I was reading through my collection of quotes in my Notes app earlier, and I came across this from Fr. Richard Rohr:
You practice non-addiction every day by letting go, not needing, and not desiring anything in particular. Fasting, detachment, and simplicity were the original words for non-addiction in the spiritual traditions.
Reading this, my mind instantly jumped back to my earlier post this week, titled Enough already.
As someone who has spent their life in church, I’m very familiar with the teaching around fasting and simplicity in particular. There have been various occasions throughout my life where I have fasted for one or two days from food.
And simplicity is the more ancient word for what today we would call minimalism. Though, I think I prefer ’simplicity’!
Even though I practiced fasting, I never heard teaching that framed it quite like this: As a means of practicing non-addiction.
It was a reminder that, once you strip away all the religiosity, many religious practices – in their original intent – have a lot of ongoing contemporary value. Even has someone who has spent a lifetime around religion, I still need reminding of that sometimes!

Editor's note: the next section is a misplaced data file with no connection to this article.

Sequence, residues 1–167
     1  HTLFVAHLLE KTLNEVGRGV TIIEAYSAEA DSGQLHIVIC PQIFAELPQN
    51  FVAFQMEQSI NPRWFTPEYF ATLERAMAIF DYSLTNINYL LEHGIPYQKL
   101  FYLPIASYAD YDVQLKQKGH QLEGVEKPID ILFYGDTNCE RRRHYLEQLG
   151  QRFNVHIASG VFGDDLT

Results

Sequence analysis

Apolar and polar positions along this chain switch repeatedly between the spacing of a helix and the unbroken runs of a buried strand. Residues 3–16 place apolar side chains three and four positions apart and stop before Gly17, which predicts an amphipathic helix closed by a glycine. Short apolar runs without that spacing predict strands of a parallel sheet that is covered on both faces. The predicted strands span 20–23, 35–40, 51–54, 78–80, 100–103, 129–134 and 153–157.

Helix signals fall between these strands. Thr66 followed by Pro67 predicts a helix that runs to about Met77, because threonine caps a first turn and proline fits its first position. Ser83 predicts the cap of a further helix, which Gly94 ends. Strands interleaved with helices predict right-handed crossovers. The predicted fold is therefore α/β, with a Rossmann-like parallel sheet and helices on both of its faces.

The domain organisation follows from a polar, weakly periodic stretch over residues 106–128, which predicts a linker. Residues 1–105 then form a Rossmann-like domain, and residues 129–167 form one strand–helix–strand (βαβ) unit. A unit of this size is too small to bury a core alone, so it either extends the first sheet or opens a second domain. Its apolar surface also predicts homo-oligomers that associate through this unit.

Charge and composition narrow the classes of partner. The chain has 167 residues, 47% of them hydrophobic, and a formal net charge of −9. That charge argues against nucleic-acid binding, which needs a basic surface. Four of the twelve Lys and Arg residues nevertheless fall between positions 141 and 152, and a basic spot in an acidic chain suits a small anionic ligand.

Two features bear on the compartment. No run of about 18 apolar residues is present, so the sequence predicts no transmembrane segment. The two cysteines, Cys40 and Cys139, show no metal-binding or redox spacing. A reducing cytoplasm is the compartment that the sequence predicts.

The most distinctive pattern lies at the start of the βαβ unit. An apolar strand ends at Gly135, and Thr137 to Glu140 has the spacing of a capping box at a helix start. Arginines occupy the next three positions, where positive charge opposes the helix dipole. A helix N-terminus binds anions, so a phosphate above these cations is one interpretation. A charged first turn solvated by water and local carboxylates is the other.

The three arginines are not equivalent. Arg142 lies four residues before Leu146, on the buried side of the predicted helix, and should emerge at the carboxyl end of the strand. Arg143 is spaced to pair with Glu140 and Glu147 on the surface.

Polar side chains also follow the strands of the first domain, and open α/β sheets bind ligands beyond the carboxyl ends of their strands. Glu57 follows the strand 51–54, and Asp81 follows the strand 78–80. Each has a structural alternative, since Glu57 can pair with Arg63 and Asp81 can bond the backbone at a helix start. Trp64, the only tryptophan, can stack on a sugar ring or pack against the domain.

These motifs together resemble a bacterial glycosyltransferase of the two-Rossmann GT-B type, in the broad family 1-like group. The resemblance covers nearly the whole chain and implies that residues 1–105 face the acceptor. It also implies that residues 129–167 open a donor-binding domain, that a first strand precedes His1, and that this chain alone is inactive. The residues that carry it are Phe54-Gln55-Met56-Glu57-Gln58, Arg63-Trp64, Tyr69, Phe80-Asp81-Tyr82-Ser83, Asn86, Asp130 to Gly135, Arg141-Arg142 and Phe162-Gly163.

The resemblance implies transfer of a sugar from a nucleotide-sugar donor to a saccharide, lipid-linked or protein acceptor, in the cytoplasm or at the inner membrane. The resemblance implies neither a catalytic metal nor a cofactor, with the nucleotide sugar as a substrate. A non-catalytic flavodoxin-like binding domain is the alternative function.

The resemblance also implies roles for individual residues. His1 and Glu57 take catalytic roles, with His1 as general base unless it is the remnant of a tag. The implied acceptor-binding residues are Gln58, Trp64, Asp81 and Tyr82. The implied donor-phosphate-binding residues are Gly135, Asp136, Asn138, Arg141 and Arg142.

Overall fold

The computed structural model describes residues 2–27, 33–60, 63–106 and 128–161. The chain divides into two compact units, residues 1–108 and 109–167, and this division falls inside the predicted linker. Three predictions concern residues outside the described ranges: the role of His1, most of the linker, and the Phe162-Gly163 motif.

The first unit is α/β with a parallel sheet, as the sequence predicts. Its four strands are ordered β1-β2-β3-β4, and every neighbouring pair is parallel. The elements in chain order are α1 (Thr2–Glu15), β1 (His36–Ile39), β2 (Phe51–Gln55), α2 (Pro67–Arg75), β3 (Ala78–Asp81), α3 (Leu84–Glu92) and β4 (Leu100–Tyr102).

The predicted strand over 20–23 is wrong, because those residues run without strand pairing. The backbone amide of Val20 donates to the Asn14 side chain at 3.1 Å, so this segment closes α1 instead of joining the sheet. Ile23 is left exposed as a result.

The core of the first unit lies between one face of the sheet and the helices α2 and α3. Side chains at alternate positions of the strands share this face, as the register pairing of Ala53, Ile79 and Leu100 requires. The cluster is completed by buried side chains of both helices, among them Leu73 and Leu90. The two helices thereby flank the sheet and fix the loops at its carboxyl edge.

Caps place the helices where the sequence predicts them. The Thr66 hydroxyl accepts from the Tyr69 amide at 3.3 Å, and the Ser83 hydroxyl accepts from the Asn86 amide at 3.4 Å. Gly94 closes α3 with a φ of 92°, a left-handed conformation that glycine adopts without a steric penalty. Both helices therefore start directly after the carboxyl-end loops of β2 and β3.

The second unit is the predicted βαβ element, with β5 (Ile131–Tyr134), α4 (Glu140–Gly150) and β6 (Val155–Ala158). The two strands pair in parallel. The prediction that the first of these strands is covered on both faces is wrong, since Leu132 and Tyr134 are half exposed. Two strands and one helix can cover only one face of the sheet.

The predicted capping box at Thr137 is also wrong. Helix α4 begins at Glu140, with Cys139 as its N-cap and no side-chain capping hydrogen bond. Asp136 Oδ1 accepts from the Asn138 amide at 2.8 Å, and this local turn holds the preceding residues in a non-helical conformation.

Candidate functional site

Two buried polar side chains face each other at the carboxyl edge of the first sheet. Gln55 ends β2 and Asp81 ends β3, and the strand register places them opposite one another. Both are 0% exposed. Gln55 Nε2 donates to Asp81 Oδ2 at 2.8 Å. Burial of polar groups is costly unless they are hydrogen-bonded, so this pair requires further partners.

There are practices that, for hundreds of years, have helped people to live out a desire to find contentment; finding freedom from not always wanting more. From addiction.
Where Rohr talks about letting go, not needing, and not desiring, we face the temptation of the exact reverse all day, every day. We cling to to what we have, pursue wants rather than needs, and get consumed by desire in ways that never satisfy.
We need to cultivate habits – practices – that move us away from addictive behaviours and towards freedom.
Fasting might mean saying no to social media for a while. Or takeaway food.
Simplicity might mean not buying any new clothes for a season. Or whatever it is you have a tendency to buy thoughtlessly and needlessly.
Detachment might mean letting go of any area of your life you’ve been desperately trying to control. Letting things just be and trusting that, whatever the outcome, it’ll be okay.
In short: We don’t have to be slaves to a way of life that never satisfies. There is another way!